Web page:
How To Use Ladybugs For Pest Control: Helpful 4-Point Guide

Ladybugs make great natural pest control, and as such, consumers are wondering how to use ladybugs for pest control. This guide will clear your inquiries and provide you with easy-to-follow tips!

Ladybugs (lady beetles) are a popular biological control tool used by many gardeners and landscape aficionados. However, there are a few things to consider if you want to have a good ladybug discharge in your garden or terrain. 

how to use ladybugs for pest control


What Are Ladybugs?

Ladybugs, like many other insects or animals, are a misnomer. It’s a beetle, not a bug. 

The ladybird beetle, as it’s called in Europe, was named after the Virgin Mary in the Middle Ages, according to legend

They are now found in practically every section of North America, with over 400 different species, 98 of which live in Florida alongside retirees and other sun seekers. Entomologists have discovered over 4,500 species around the world.

It’s no wonder that ladybugs appear in a variety of shapes and sizes, given their large number of varieties. When we think of “ladybug,” we usually picture a red-orange critter with black dots. 

The number of spots, though, can differ, and some are more clumped than spot-like, while others have stripes instead of spots.


What You Need To Know About Ladybugs For Pest Control

Ladybugs are predators that subsist by eating other insects. Ladybugs eat aphids, mealybugs (both sap-sucking insect pests), insect eggs, tiny caterpillars, and mites in this example. 

For a more thorough explanation on this, check the useful gardening tips on these articles on how to remove aphids from kale and how to get rid of aphids in your greenhouse. Make good use of your little pest control helpers. 

The convergent ladybug is the most often purchased ladybug (Hippodamia convergens). They have two white lines slanting towards each other on the top of their heads, as though they’re merging.

If you release ladybugs in your landscape because you enjoy watching them, but there are no insects for them to eat, the ladybugs will look for food elsewhere, leaving you with an empty bag. 

So, what can you do to increase the success of your plan once you have released the ladybugs? Prepare to jot down the tips in the next section.


How To Have A Successful Ladybug Release

Ladybugs are collected in hibernating locations and kept in cold storage until they are ready to be released. Ladybugs should be stored in a refrigerator until they’re ready to be released. 

It helps them live longer, and when it’s time for them to fly and be free, you’ll have fewer deaths. Ladybugs’ first instinct is to scatter and hunt food and water to restore their energy stores once they have warmed up.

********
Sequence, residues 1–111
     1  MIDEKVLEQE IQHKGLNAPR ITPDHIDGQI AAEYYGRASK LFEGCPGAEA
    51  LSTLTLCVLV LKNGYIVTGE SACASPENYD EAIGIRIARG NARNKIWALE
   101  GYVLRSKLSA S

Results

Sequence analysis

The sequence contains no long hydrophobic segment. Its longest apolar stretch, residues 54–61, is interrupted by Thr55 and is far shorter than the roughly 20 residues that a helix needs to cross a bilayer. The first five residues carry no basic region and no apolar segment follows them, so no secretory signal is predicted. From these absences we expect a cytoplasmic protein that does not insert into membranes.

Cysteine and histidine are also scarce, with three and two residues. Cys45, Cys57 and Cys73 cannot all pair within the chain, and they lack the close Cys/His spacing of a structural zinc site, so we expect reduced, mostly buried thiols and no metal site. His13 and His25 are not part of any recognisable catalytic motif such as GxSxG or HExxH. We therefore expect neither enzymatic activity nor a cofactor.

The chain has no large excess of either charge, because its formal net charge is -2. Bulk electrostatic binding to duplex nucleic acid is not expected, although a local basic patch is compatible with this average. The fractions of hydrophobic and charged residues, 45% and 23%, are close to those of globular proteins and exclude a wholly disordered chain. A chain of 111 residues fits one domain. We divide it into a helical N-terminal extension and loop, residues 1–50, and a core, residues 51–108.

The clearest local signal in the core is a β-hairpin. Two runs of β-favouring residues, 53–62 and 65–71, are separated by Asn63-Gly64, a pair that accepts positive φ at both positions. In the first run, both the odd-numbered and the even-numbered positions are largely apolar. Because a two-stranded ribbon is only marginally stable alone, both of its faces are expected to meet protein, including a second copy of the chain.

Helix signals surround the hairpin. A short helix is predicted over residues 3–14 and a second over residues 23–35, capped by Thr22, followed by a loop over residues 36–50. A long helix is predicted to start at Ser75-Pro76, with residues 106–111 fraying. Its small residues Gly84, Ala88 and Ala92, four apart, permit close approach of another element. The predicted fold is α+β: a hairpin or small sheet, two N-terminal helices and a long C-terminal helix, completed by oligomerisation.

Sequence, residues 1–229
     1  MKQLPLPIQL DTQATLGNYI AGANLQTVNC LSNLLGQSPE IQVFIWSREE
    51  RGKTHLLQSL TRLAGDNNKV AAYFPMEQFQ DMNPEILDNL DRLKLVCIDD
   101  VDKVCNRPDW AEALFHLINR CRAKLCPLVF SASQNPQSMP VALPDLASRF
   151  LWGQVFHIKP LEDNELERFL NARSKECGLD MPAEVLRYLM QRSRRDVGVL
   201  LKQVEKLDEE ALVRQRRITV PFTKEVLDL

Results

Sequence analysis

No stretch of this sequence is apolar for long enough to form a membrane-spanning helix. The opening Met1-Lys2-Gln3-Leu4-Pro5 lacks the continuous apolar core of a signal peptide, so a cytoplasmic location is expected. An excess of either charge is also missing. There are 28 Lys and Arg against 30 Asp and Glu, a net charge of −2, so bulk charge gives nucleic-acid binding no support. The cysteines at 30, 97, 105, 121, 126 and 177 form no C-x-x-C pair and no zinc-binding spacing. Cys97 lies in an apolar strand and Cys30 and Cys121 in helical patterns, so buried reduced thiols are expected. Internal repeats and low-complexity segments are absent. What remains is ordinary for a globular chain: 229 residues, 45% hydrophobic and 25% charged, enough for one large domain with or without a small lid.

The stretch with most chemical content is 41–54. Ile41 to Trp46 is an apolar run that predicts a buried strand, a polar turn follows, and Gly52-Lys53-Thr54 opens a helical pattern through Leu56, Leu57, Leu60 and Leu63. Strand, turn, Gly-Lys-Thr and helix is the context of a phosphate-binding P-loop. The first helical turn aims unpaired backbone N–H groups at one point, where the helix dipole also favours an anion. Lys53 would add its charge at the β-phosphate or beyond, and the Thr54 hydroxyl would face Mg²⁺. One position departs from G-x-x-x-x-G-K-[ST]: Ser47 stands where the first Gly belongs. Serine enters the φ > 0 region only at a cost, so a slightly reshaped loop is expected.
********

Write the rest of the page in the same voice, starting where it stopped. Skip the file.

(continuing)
If you distribute ladybugs during the day, they will scatter from your landscape, leaving you heartbroken and wondering where they all went!

This is the primary tip among people who want to achieve a successful ladybug release. However, there are more to keep in mind!

  • Put the ladybug container near plants that have a lot of pest insects (aphids, mealybugs), so the ladybugs can feed and lay eggs on them. 
  • When the weather is cooler, disperse ladybugs in the early evening. Try opening their container and placing it under a box for the night. 
  • Sprinkle the nearby plants with water to keep them hydrated while they acclimate to the region. A spritz of water isn’t essential if there is dew.

Some experts even suggest spritzing water within their container instead of spraying it on the plants.

  • Place an index card near the ladybug container with some falls of honey on it and leave it overnight. Ladybugs will take honey as a rapid source of energy until they are ready to eat aphids.

Ladybugs can be purchased from local nurseries or online sources. If you’re heading to a local nursery, make sure they have ladybugs for sale.

If you follow these simple steps, you might be able to keep those ladybugs in your garden for a little longer!


How Do Ladybugs Survive Winter

The mature beetle emerges into the world after spending around two weeks, or sometimes less, within their cocoon. Adult beetles have a lifespan of about three years. 

They will deposit eggs and produce multiple new generations throughout this time. As a result, beetles in a group could be of various ages.

Adult beetles depart their feeding places in yards, fields, and forests in the fall to hibernate for the winter. They require a huddle of hundreds or thousands of other beetles in order to survive. 

This keeps them safe from the elements and prevents them from freezing. They’ll also make winter homes in gaps, nooks, tree bark, and even your house or roof. 

They may land on you and immediately begin crawling. Other times, however, they can really fly around.

Scientists have recorded ladybird beetles moving at a speed of 37 miles per hour.



You can definitely use your knowledge on how to use ladybugs for pest control to your advantage. Through this, you can avoid harmful consequences plus you have perfectly got rid of pests!

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